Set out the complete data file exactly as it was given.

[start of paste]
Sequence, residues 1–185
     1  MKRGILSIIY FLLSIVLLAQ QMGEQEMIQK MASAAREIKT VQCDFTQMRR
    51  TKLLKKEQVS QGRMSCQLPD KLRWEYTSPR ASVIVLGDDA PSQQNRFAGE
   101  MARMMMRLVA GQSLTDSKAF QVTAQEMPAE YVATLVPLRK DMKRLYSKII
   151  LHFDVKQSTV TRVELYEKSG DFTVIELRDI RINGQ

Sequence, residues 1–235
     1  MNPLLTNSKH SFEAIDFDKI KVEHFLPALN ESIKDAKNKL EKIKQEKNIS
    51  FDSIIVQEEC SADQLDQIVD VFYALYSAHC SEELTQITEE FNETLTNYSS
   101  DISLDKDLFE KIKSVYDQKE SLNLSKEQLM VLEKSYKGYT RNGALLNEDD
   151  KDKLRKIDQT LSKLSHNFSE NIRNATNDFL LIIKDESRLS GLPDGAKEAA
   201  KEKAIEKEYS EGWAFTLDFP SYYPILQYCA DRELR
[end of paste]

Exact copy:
Sequence, residues 1–185
     1  MKRGILSIIY FLLSIVLLAQ QMGEQEMIQK MASAAREIKT VQCDFTQMRR
    51  TKLLKKEQVS QGRMSCQLPD KLRWEYTSPR ASVIVLGDDA PSQQNRFAGE
   101  MARMMMRLVA GQSLTDSKAF QVTAQEMPAE YVATLVPLRK DMKRLYSKII
   151  LHFDVKQSTV TRVELYEKSG DFTVIELRDI RINGQ

Sequence, residues 1–235
     1  MNPLLTNSKH SFEAIDFDKI KVEHFLPALN ESIKDAKNKL EKIKQEKNIS
    51  FDSIIVQEEC SADQLDQIVD VFYALYSAHC SEELTQITEE FNETLTNYSS
   101  DISLDKDLFE KIKSVYDQKE SLNLSKEQLM VLEKSYKGYT RNGALLNEDD
   151  KDKLRKIDQT LSKLSHNFSE NIRNATNDFL LIIKDESRLS GLPDGAKEAA
   201  KEKAIEKEYS EGWAFTLDFP SYYPILQYCA DRELR